Am I Writing Middle-Grade Fiction or Young Adult?

“Am I writing middle-grade fiction or young adult?” This MG vs YA question is something I get ALL THE TIME from writers. So have you written middle grade or young adult? Let’s find out!

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Who is your audience? You have to pick one. Perhaps the dog?

It is some variety of the following, which came from Jesse:

How would you classify a sci-fi adventure novel with 14 year old boy protagonist? Would that be upper middle grade? Lower YA? I’ve heard so many different opinions on the matter!

Ah, yes. The great “MG vs YA” debate. It rages on in many writer’s minds, critique groups, query letters, and even submission rounds with editors. It seems like there are always books that ride the middle grade or young adult line.

The Difference Between Middle-Grade Fiction and Young Adult

My advice? Get out of that gray area! If you read a lot of middle grade or young adult books (and you should be reading both), you can easily isolate the difference. MG books are shorter than YA, deal with any “issues” or “content” (edgy stuff) but only secondhand (like the kid’s mom is an alcoholic, not the kid herself), have less darkness and often a sweeter ending than most books for older readers, are sophisticated but still accessible for reluctant readers, are more open to curriculum tie-ins and educational content, and are written to appeal to 10-12 year-old readers, at their heart.

YA books are longer, darker, edgier, less about education and more about a riveting story (though MG should have one, too, of course), and written to appeal to readers 14+.

Middle Grade or Young Adult: You Must Decide

There are, obviously, gray areas and gray-area readers, say, ten year-olds who are really advanced and sophisticated, and teen readers who are still reading MIX books (a really fun line of girl-centric middle-grade fiction from Simon & Schuster). Or teens who don’t want to read about edgy, risque content*. Sure. There are always exceptions.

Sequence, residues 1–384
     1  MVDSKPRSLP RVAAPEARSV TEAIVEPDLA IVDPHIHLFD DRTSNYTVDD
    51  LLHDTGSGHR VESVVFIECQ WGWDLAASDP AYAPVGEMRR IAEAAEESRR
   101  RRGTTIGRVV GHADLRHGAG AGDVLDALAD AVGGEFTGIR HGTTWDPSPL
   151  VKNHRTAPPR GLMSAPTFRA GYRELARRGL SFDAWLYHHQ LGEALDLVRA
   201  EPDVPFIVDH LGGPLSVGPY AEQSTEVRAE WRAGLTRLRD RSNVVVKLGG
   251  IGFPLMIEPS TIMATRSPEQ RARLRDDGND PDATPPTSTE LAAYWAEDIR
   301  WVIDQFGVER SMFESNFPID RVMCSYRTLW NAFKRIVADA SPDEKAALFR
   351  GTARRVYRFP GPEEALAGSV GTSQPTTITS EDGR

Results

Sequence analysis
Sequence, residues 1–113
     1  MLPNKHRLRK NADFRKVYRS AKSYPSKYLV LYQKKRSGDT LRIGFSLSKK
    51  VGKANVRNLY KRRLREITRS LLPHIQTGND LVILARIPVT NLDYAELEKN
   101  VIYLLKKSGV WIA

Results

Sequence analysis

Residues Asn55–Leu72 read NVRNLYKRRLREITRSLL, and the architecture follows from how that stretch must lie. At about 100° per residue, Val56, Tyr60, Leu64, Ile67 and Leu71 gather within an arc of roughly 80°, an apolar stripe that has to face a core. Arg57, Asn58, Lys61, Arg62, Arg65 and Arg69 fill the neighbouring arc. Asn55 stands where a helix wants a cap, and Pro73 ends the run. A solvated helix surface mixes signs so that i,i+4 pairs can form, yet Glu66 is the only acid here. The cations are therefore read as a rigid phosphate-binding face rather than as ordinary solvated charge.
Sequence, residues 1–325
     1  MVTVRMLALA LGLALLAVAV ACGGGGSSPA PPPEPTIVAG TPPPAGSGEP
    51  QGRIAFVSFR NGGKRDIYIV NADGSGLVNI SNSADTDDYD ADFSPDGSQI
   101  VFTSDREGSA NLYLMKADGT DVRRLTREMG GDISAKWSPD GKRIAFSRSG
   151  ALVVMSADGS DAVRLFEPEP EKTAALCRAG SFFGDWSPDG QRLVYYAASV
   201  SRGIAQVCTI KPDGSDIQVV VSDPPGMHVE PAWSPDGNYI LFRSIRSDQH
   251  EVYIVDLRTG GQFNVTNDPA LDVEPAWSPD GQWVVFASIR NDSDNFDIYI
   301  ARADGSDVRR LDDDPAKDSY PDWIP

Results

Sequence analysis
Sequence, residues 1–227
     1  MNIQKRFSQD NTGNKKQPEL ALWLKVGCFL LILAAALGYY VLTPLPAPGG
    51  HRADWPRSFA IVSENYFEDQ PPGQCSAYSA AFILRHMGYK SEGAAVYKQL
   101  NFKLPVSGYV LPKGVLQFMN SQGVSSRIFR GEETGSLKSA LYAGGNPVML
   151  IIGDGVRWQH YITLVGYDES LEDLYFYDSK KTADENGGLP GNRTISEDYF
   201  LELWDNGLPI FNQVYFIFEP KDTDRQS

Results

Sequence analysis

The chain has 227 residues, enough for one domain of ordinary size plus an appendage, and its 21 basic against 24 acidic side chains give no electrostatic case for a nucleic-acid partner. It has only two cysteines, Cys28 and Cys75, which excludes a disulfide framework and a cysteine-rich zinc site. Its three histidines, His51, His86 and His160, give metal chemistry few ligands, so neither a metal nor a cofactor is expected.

But to give yourself the strongest chance at success (and publication), I’d urge you to follow the rules for the project you hope will be your debut, and decide whether you’re writing MG vs YA*. Especially in this case.

When you’re just starting to write either middle grade or young adult, you have to start out knowing which one you want to target. Middle school (where MG readers dwell) and high school (where YA readers live) are as different as night and day. Think about your daily cares and worries in middle school.

Tailor Your Theme to Your Audience

Now think about high school. You were preoccupied with completely different things, and your world, your body, your psyche, your emotions, your relationships with friends, family, and romantic others … all of it was very different from one to the next.

In middle school, kids care mostly about friends and family. They feel the pull to stay and be a kid, and also the need to grow up. They want to fit in and be accepted, but they’re also forging their own identities. It’s a very turbulent time. Plus, they’re going through puberty, so hormones and enticing people of the opposite (or same) sex are just starting to cause major havoc. As for the future, most middle school kids just want to survive until high school.

In high school, kids are really individuating themselves. But now some* also drive, drink, have sex, bully on a really grand scale, and have to make decisions about college (and decide the rest of their lives, as they see it). They’re facing enormous pressures from the social world, their families, themselves. Almost all of their childhood selves are gone, and they’re trying on adulthood for size. That’s havoc in and of itself, but a very unique type. This is a very big part of the MG vs YA conversation.

The Middle Grade or Young Adult Gray Area Doesn’t Exist

These audiences are vastly different. Their worlds are different. Their mindsets, cares, hopes, and dreams shift perspectives when you cross from middle-grade fiction into YA. Sure, many things about the childhood/teen experience and many things about the human experience remain the same, but, in terms of relatability — which you really have to think about when writing for pre-teens, tweens, and teens — you are dealing with two different beasts.

In Jesse’s case, I gave the following advice:

I would make your protagonist either 13 and call it MG or 15 and call it YA. There are two shelves at the bookstore: MG and YA. You don’t see a shelf in the middle. Sure, there can be MG for slightly younger and slightly older readers (ditto YA), but you really do have to pick a side. Don’t just go by the age of the character, either (though I would avoid 14, since it’s such a cusp age between middle and high school). Go by level of sophistication, length of manuscript (MG is about 35k, YA more like 50k and up), and darkness (is there a lot of content, ie: sex, violence, etc., or a mature feel, ie: the last HARRY POTTER vs. the first one?). Use all those guidelines to help you pick one or the other.

And I stand by these words. Sure, you can say it’s “upper MG” or “lower YA” or even the (detestable) term “tween,” but the truth is, there are only two shelves at most bookstores: MG and YA. They’re not going to build a special shelf just for your upper-MG/tween/lower-YA opus.